'Fullmetal Alchemist: Brotherhood' Part 1 - Review

I recently wrote about re-watching the 2003 version of "Fullmetal Alchemist." As outlined there, this led to the discovery of the 2010 remake - this series, "Fullmetal Alchemist: Brotherhood." Go to that previous entry to read why it made sense to remake it. You should also check out that entry for a basic character and plot outline.

The series was released as 64 episodes of 23 minutes each. It appears that these episodes were released one a week for a bit more than a year. But Netflix has chosen to present this as "Part 1" through "Part 5" as they usually present seasons. This review is about "Part 1," which contains the first 13 episodes.

The series artwork is essentially identical to the previous version. This one may be marginally better. But it also uses significantly more manga emotional signalling: someone who is embarrassed will temporarily change from a normally drawn character into a bright red stick figure flapping their arms in the air in horror, sometimes with the Japanese word for "EMBARRASSED" written on screen like a neon banner.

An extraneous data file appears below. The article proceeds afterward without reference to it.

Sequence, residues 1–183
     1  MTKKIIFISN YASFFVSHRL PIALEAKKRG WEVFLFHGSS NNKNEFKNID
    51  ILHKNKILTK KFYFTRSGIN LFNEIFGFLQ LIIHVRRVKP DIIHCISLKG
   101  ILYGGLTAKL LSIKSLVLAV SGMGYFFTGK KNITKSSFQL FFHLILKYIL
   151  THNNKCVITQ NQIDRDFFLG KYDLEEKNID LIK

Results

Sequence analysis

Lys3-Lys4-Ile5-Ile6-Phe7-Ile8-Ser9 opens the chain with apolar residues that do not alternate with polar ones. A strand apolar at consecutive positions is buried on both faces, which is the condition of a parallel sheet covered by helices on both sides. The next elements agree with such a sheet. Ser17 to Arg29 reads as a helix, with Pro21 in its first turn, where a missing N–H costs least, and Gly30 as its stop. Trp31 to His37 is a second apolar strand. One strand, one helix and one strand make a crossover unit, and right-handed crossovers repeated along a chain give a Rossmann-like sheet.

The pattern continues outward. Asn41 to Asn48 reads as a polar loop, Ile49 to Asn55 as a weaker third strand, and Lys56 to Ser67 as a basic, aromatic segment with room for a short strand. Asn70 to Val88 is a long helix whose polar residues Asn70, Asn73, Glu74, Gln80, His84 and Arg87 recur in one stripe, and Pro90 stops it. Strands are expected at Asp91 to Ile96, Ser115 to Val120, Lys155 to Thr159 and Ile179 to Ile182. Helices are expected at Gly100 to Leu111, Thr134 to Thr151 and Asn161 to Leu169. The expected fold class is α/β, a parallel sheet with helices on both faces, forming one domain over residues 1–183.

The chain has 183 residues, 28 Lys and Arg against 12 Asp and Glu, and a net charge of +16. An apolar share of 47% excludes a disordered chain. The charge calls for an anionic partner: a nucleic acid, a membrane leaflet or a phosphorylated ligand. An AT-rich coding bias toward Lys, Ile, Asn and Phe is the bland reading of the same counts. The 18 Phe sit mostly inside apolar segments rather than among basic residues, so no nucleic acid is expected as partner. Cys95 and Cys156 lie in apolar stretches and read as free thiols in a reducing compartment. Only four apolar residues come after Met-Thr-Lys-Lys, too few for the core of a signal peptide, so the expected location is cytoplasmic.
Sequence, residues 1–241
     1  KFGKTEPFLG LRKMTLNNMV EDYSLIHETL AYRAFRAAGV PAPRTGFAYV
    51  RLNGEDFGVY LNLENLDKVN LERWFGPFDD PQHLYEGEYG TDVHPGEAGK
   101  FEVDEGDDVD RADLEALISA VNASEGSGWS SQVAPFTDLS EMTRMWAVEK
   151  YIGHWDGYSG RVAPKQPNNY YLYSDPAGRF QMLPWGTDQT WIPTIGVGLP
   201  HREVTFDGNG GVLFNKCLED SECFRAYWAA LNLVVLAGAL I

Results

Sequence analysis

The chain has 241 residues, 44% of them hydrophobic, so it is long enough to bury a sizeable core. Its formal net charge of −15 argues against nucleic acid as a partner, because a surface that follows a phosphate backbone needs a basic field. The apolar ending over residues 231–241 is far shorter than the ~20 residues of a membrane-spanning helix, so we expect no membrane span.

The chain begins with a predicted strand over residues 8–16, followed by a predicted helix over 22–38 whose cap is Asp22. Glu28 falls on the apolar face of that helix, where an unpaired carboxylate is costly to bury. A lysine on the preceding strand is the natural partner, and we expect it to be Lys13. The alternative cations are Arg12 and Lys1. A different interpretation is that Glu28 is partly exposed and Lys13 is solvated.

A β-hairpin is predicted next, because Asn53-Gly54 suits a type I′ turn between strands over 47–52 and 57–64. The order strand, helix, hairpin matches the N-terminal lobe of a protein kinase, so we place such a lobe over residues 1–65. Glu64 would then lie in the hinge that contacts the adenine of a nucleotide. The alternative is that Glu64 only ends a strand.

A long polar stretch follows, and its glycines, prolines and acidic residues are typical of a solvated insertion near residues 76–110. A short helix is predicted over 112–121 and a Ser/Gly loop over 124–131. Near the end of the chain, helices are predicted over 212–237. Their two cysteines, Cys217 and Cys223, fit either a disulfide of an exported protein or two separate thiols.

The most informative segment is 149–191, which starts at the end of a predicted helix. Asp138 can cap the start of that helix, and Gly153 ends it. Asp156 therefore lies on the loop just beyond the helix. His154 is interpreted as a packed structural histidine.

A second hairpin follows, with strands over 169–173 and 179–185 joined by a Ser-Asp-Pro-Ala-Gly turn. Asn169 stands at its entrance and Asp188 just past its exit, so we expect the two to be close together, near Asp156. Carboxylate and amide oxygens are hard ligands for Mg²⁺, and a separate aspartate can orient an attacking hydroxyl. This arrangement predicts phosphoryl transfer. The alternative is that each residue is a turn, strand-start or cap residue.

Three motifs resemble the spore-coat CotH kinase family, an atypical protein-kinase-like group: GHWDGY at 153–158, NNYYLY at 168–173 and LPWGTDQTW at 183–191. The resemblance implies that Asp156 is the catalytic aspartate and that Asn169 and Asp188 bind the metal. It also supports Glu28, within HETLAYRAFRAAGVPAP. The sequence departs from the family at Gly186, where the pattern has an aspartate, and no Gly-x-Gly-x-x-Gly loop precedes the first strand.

The plot is functionally identical to the previous version: there are some relatively small practical differences, but not much. However, I watched episode 14 (the first in "Part 2"), and the plot has gone wildly different there. The end of "Part 1" appears to be the point of divergence between "Fullmetal Alchemist" and "Fullmetal Alchemist: Brotherhood."

Having so recently watched the predecessor series and with them being both so stylistically similar and so similar in plot, I don't have much to add to my critical assessment of the series: the brothers are wonderful characters, and they populate the rest of the series with more good characters. I look forward to seeing where it will go from here - now that it's going to be different.